Dish raises bid for Clearwire, threatening Sprint deal

Rick Wilking/Reuters - A sign hangs in the Dish booth on the first day of the Consumer Electronics Show (CES) in Las Vegas, in this January 8, 2013 file photo.

NEW YORK — One of the biggest minority shareholders in Clearwire on Thursday urged the wireless company to recommend against Sprint Nextel’s buyout offer after Dish Network made a counter bid.

Crest Financial, which holds about 8 percent of Clearwire shares, said that Clearwire should open itself to competitive bidding and that even though Dish’s bid late Wednesday appeared superior, it may still prove inadequate to shareholders.

In a statement late Thursday, Clearwire said it would adjourn its Friday meeting, at which shareholders were expected to vote on Sprint’s $3.40-per-share offer. Dish’s new bid is worth $4.40 per share. Clearwire said the meeting will reconvene June 13, giving the special committee nearly two weeks to decide on Dish’s latest proposal.

Clearwire also said its special committee found Dish’s newest proposal to be more “actionable” than its previous one.

The offer complicates a consolidation scenario in which Dish Chairman Charlie Ergen is also competing against Japan’s SoftBank to buy Sprint, the No. 3 U.S. mobile service provider. Sprint is the majority owner of Clearwire.

Some analysts speculated that the Clearwire bid indicates Dish would be happy with an investment in the smaller company or a spectrum purchase from Clearwire.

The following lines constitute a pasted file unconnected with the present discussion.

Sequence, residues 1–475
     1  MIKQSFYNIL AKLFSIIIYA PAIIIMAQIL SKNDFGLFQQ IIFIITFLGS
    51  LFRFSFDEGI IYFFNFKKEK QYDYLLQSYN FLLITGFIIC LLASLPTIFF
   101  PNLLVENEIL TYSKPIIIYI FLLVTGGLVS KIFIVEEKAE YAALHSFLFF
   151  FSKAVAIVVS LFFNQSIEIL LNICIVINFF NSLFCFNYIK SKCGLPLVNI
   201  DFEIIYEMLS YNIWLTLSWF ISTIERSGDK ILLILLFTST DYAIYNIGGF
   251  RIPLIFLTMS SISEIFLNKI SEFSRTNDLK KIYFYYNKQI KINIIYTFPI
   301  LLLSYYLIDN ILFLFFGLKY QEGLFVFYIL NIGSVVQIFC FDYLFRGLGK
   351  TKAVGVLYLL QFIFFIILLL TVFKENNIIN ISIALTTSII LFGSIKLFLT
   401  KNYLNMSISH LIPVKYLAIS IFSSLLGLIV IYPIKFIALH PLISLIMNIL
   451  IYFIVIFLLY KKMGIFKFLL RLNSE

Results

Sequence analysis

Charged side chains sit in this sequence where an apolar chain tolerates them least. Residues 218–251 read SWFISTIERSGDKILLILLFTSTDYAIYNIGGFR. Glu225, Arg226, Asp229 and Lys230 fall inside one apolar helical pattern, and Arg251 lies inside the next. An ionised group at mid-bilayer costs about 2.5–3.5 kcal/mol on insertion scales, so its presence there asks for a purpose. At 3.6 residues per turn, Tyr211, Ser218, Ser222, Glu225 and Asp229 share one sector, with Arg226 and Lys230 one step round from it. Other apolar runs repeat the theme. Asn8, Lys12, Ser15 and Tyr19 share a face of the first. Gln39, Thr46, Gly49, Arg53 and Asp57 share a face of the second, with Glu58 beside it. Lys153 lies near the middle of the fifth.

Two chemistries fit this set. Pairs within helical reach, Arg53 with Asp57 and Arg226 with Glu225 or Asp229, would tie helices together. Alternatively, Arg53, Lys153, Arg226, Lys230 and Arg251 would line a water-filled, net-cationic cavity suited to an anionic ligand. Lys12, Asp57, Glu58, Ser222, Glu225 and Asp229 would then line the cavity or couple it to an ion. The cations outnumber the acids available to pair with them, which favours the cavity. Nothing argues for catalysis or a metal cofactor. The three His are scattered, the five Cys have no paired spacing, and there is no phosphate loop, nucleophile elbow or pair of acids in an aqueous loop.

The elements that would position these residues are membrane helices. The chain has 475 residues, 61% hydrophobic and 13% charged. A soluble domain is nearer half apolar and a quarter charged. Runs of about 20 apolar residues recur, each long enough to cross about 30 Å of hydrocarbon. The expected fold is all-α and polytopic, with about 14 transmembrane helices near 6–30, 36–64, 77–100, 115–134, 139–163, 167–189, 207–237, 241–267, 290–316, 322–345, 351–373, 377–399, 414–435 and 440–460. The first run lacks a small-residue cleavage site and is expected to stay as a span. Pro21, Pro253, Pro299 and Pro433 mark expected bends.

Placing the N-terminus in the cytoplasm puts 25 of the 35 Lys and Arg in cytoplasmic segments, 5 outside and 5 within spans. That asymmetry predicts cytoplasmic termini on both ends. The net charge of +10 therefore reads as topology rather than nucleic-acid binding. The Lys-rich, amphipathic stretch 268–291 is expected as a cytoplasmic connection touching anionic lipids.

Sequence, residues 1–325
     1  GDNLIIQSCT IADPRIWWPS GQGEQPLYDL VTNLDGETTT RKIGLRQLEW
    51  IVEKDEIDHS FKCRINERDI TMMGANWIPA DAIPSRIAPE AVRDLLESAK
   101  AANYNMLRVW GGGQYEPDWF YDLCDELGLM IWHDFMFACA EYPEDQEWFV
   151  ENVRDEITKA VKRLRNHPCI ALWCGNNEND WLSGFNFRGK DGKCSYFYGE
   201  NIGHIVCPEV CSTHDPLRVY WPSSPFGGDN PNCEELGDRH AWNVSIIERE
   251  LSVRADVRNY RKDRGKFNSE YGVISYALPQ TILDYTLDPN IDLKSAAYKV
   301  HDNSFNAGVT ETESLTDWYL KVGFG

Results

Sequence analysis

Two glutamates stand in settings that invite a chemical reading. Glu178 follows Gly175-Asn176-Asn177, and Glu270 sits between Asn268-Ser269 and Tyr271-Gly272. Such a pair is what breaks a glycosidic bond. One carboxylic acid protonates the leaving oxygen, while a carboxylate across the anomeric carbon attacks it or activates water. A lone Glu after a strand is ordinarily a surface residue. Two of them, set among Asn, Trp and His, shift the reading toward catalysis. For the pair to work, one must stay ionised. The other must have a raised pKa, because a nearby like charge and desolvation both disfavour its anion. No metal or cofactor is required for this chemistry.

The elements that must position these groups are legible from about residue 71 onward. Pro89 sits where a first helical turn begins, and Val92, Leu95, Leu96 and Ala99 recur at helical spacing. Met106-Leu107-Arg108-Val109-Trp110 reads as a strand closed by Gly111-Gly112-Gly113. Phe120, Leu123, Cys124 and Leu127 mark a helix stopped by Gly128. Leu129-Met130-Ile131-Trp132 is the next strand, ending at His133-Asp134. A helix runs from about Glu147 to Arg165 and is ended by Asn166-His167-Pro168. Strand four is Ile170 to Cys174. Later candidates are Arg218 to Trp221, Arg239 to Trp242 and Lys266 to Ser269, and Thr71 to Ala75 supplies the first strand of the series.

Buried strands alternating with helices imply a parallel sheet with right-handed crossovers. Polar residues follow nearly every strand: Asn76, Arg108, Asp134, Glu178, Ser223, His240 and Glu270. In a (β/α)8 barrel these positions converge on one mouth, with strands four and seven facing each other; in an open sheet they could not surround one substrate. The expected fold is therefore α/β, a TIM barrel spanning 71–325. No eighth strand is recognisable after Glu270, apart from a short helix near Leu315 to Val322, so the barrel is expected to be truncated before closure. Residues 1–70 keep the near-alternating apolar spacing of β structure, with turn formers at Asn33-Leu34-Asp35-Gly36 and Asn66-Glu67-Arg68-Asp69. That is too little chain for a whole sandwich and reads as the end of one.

But Dish said it was not backing down from its bid for Sprint. “Our Clearwire offer in no way diminishes our interest or vision for a combined Dish/Sprint,” a Dish spokesman said.

Clearwire, which in April warned that it could default on interest payments due June 1 if the Sprint deal did not go through, said Thursday that it plans to make those payments, totaling about $255 million, on its first-priority, second-priority and exchangeable notes.

Under Sprint’s December proposal to buy out Clearwire, the smaller company had the option to draw on $800 million in convertible debt in 10 monthly installments. But Clearwire said that, upon the recommendation of its special committee, it has decided to forego the June $80 million draw under that arrangement.

On the same day that Dish made the bid for Clearwire, Ergen and other Dish executives involved in the Sprint bid were holding meetings at Sprint’s Overland Park, Kan., campus as part of the due diligence process for that offer, according to a source familiar with the matter.

Whatever Dish’s motivation for the Clearwire bid, analysts said it spells trouble for SoftBank founder Masayoshi Son and his efforts to gain approval for Softbank’s $20.1 billion bid for Sprint at a shareholder vote June 12.

Softbank had approved Sprint’s bid to buy Clearwire.

SoftBank gained clearance to go ahead with its Sprint offer earlier this week from a key U.S. government committee but needs more regulatory approvals.

Dish, which had tried to buy Clearwire in January, appeared to strengthen its case by excluding conditions from the new bid that had made it difficult for Clearwire to accept the previous offer.

Clearwire had said it could not act on the January offer from Dish for $3.30 per share because some of the bid conditions went against previous agreements that Clearwire had with Sprint.

Since Dish removed some of the conditions in its new bid, another source said that Ergen appeared to have “made a serious offer that is actionable” and that the board and its special committee will have to review the proposal carefully.

“This is a much improved offer from Dish, not just the dollar amount,” said the source who asked not to be named. “He’s got himself in the game now.”

— Reuters

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